British Orchids in Bloom

What a heatwave we’ve been having here in the UK over last few days! All of this sunshine has meant plenty of time outdoors enjoying Britain’s wonderful flora and fauna. Our most recent wanderings took us along roadside verges in search of Britain’s native orchids. Who would have thought that these verges would be one of the last refuges for many wildflowers?

Anacamptis pyramidalis [PYRAMIDAL ORCHID] Weston-super-Mare, England 13.06.2017 (9)Click to zoom in

The Orchid Family

Orchids are a most beautiful group of plants. The flowers are so intricately evolved and display such diversity. Worldwide, the orchid family (Orchidaceae) is made up of approximately 28,000 species. This makes them one of the two largest families of flowering plants, along with the family Asteraceae. As a comparison, that is more than twice the number of bird species, and about four times the number of mammal species!

Dactylorhiza sp [MARSH & SPOTTED ORCHID] Weston-super-Mare, England 13.06.2017Click to zoom in

British Orchids

The United Kingdom, itself, has 56 native orchid species. Most of the world’s orchid species are epiphytes, meaning they grow on the limbs of trees. A smaller number are terrestrial, meaning they live their lives on the ground.  Interestingly, all species of native orchids in the UK are terrestrial. All orchids are perennials, flowering each year usually at a specific time. For the British species, they always flower during the spring and summer.

Click to zoom in


Whilst out on our orchid hunt, we came across many British orchids. We took all photos in this blog post from around the North Somerset area. If there are any orchid experts out there, feel free to hazard a guess as to what genus/species you think any of them are. 🙂 Below are our observations.

Anacamptis pyramidalis [PYRAMIDAL ORCHID] Weston-super-Mare, England 13.06.2017Click to zoom in

The ‘Marsh’ and ‘Spotted’ Orchids (Dactylorhiza species)

The following orchids we have identified as being part of the Dactylorhiza genus.

The name Dactylorhiza is derived from Greek words “daktylos” (finger) and “rhiza” (root) which refers to the hand-like tubers of plants in this genus.

Dactylorhiza sp [MARSH & SPOTTED ORCHID] Backwell, England 17.06.2017 (2)Click to zoom in

My favourite heading in the Beginner’s Vegetative Guide to Orchids of the British Isles (reference at the end of this post) is the one for this genus: “Dactylorhiza – The ‘Marsh’ and ‘Spotted’ Orchids – BEWARE.” Species in this genus are notoriously difficult to tell apart as many species hybridise so readily that species boundaries themselves are vague. Because of this, there are regular name changes and no clear answers as to what fits where. There are currently 8 accepted species of Dactylorhiza in the British Isles.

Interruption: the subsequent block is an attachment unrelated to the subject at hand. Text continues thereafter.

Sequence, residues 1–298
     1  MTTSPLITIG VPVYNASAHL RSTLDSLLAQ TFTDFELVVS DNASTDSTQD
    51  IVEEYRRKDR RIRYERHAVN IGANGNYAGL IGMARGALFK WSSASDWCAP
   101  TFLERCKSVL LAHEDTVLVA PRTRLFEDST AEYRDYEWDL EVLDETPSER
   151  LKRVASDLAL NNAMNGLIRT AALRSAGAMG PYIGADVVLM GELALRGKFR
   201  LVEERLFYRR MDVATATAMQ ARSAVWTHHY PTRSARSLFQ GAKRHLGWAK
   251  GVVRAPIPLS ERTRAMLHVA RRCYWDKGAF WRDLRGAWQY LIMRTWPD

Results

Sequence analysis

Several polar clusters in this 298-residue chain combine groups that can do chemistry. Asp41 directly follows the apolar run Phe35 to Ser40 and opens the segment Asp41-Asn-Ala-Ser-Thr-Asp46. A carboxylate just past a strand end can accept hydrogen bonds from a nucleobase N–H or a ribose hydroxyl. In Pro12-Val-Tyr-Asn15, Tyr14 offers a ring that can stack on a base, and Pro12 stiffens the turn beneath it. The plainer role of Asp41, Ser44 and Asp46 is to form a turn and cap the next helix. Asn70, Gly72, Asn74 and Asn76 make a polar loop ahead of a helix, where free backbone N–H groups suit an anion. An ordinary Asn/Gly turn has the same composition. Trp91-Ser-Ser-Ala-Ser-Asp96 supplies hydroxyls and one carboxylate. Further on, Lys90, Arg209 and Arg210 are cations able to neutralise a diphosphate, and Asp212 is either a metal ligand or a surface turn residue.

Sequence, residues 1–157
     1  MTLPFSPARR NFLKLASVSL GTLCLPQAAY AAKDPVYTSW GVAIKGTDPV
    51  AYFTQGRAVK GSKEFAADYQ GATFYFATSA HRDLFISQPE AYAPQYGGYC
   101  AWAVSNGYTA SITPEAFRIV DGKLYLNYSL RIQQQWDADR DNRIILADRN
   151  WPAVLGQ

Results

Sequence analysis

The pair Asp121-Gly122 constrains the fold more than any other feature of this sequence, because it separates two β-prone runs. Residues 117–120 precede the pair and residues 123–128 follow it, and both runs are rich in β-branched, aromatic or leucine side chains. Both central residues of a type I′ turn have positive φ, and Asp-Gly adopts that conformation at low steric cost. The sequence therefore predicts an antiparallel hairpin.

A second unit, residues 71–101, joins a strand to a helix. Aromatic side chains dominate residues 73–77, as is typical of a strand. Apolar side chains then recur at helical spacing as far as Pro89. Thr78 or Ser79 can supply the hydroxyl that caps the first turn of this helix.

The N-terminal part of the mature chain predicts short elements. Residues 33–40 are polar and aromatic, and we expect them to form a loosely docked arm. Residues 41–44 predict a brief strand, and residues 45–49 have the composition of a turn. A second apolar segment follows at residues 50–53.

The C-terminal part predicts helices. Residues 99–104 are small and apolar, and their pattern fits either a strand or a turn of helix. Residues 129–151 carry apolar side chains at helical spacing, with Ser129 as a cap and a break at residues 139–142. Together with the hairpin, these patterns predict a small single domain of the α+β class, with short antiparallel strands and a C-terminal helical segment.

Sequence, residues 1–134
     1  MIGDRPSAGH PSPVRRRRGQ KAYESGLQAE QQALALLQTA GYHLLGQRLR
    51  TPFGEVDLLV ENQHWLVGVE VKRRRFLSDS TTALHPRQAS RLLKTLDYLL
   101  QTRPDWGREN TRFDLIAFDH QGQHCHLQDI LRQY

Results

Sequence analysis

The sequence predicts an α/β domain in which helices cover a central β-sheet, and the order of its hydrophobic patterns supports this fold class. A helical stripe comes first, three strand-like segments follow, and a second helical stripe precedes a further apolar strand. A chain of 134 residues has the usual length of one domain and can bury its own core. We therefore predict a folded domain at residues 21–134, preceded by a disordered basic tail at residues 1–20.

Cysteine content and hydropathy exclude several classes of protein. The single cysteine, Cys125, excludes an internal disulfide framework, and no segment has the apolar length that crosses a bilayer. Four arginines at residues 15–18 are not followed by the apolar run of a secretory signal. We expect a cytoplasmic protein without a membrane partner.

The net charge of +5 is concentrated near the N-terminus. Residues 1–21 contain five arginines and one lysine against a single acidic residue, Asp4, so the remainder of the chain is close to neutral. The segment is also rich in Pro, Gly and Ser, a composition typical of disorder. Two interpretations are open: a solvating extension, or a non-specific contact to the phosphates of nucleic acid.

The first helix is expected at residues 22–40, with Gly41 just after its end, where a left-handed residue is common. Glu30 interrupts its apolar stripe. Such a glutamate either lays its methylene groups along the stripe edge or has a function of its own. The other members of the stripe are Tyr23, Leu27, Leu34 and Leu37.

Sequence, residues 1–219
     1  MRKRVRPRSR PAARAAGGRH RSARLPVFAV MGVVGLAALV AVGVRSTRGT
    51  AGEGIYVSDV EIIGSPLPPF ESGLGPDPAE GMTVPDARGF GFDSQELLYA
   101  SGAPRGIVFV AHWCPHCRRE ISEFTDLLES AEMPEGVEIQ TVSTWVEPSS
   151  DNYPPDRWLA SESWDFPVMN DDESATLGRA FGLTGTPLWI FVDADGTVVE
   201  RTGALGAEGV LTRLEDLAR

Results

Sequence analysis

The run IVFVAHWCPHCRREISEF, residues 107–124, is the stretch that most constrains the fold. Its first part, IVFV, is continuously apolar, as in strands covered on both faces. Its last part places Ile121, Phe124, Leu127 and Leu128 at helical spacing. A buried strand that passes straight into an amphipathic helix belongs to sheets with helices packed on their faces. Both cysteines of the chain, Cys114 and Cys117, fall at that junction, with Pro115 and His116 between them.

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There are few species of Dactylorhiza that colonise very well on fresh industrial wastes (such as pulverised fuel ash) where vast hybrid swarms can appear for a decade or more, before ecological succession replaces them.

Dactylorhiza sp [MARSH & SPOTTED ORCHID] Weston-super-Mare, England 13.06.2017 (8)Click to zoom in

The Pyramidal Orchid (Anacamptis pyramidalis)

This lovely specimen we have identified as a pyramidal orchid.

Anacamptis pyramidalis [PYRAMIDAL ORCHID] Weston-super-Mare, England 13.06.2017 (2)Click to zoom in

The pyramidal orchid is a lot easier to work out to species-level than species in the Dactylorhiza genus! The scientific name, Anacamptis, derives from the Greek ‘anakamptein’ meaning ‘bend forward’, and the Latin species name, pyramidalis, refers to the pyramid-shaped inflorescence.

Anacamptis pyramidalis [PYRAMIDAL ORCHID] Weston-super-Mare, England 13.06.2017 (4)

The colour of the flower varies from pink to purple, and on the rare occasion, white.

Anacamptis pyramidalis [PYRAMIDAL ORCHID] Weston-super-Mare, England 13.06.2017 (3)

What threats do British orchids face?

As the British Isles cover a wide latitudinal range, it is home to Mediterranean orchids all the way through to sub-arctic species. With such a range, most of the British orchids are highly specialised for their particular location and that location’s conditions, hence why many species are rare.

The main threat to native orchids is loss of habitat, as is the case with many species that are in decline. Over the last century, this has mostly been due to agricultural intensification and the felling of ancient woodland.